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Re: Bug#733029: dpkg-buildpackage: disable signing by default (-us -uc should be the default)

You raise some very valid points and §I appreciate your concerns and
perhaps should rephrase my request so that I'm suggesting subsuming the
most common used features of debsign and perhaps as part of a staged
migration (compat symlink to debsign binary name in the phase 1, real
name dpkg-sign or whatever), to try and avoid further complicating the
debian package development universe.

On Thu, Jan 02, 2014 at 11:03:04AM +0100, Guillem Jover wrote:
> I'd feel very uncomfortable doing that, because it would mean, at least:
>  * introducing a core dpkg tool within a different namespace

So dpkg-sign (or dpkg sign if you ever decided to move to internal
namespacing, which seems to be fashionable) with a compatibility symlink
to debsign would resolve this one,

>  * having to parse a devscripts specific configuration file

That's more awkward, I'd agree, but you could support the command-line
arguments without supporting the devscripts configuration file. It could
be confusing for those who have relied upon it, though. A more
considered migration would be necessary.

>  * having to support DAK specific .commands signing

That could be awkward, although the format is very similar (if not
identical) to debian/control and only one header is of interest. I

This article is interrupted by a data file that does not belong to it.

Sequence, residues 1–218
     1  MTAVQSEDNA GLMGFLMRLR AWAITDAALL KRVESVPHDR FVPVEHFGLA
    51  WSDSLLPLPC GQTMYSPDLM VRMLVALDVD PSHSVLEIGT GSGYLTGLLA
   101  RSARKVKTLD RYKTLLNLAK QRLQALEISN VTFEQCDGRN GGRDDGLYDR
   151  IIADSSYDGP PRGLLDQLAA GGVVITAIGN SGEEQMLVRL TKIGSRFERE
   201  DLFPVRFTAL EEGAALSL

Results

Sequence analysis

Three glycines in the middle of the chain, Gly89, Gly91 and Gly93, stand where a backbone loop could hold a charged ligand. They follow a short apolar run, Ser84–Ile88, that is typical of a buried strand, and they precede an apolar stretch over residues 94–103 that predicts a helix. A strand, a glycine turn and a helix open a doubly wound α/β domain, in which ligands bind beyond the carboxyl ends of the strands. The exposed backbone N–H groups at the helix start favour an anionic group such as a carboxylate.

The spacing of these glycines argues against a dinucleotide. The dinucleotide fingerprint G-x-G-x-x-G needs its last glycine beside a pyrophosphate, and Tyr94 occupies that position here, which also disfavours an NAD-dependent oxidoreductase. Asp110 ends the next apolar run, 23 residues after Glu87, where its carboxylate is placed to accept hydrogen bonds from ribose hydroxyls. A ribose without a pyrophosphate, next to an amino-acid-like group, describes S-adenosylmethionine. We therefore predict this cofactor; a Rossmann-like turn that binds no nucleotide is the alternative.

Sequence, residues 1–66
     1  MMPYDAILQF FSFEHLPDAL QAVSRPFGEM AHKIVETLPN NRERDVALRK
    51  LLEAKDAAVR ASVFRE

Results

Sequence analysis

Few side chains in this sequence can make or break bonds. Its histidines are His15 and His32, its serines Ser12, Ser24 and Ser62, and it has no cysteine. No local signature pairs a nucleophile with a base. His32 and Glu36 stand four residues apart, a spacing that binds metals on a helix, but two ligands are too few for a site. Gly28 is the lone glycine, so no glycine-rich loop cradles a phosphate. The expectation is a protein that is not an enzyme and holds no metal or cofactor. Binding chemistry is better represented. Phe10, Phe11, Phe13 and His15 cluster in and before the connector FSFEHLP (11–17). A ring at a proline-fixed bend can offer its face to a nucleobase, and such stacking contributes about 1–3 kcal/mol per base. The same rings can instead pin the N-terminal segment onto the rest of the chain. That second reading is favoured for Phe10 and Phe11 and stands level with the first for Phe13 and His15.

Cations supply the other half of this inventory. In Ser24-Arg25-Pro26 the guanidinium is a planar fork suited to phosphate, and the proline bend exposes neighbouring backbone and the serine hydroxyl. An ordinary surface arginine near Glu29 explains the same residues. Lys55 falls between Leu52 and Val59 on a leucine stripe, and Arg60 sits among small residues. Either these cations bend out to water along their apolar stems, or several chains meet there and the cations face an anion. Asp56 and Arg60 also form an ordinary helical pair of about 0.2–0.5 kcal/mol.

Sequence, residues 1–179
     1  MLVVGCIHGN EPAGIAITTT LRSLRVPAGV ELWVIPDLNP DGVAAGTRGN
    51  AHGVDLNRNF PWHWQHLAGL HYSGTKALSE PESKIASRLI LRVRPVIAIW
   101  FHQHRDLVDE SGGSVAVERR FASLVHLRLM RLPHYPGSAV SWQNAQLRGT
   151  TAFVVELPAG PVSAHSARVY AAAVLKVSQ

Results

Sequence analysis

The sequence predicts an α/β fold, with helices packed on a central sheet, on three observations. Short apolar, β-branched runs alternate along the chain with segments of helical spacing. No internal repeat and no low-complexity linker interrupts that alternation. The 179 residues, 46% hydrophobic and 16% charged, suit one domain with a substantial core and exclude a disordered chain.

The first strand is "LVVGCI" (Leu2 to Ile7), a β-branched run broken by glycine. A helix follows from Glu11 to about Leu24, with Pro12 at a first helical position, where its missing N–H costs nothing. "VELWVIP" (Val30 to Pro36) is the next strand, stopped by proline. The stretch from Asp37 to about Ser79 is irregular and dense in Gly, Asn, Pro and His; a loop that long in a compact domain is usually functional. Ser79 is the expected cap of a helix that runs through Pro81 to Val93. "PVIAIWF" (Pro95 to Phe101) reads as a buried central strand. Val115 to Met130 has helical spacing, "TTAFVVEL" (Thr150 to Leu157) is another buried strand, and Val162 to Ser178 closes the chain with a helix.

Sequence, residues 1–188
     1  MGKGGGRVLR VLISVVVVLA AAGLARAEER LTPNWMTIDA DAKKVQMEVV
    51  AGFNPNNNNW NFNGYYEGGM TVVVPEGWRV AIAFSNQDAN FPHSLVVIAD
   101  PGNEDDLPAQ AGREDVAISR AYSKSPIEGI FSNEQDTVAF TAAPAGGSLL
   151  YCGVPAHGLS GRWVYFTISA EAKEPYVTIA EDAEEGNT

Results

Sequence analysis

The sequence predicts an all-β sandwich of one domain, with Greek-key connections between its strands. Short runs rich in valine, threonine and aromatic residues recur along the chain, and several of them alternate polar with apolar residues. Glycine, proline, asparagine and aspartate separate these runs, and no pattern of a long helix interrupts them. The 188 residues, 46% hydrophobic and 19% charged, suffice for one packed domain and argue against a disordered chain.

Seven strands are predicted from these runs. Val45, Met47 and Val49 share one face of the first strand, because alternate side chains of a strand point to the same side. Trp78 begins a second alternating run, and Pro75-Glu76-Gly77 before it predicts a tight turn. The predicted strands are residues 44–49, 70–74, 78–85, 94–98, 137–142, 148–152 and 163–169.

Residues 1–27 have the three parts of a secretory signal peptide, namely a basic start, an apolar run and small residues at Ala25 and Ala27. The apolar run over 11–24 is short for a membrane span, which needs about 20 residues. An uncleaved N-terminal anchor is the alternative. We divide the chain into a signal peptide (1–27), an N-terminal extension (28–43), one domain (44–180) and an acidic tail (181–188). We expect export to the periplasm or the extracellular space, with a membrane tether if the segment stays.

imagine most people use dcut/dput nowadays[1]

>  * having to support remote signing

It would be fair enough to stderr "not supported, please use the older
tool in devscripts" and error 1 if such an argument was provided. That
would be pragmatic if (as I suspect) -r is rarely used.

> IMO having debsign become a thiner wrapper around this new tool would
> be the goal, as it would simplify its code, people not wanting to use
> debsign could use the dpkg tool directly, and people not wanting to
> learn new stuff could keep using the wrapper w/o regressions.

That would not address the concern I raise: the surface area of debian
package development tools would continue to grow, meaning people would
use the non-recommended tool if they did not know better (or relied on
documentation which had not been updated).

[1] haven't checked whether they, in turn, rely on debsign.

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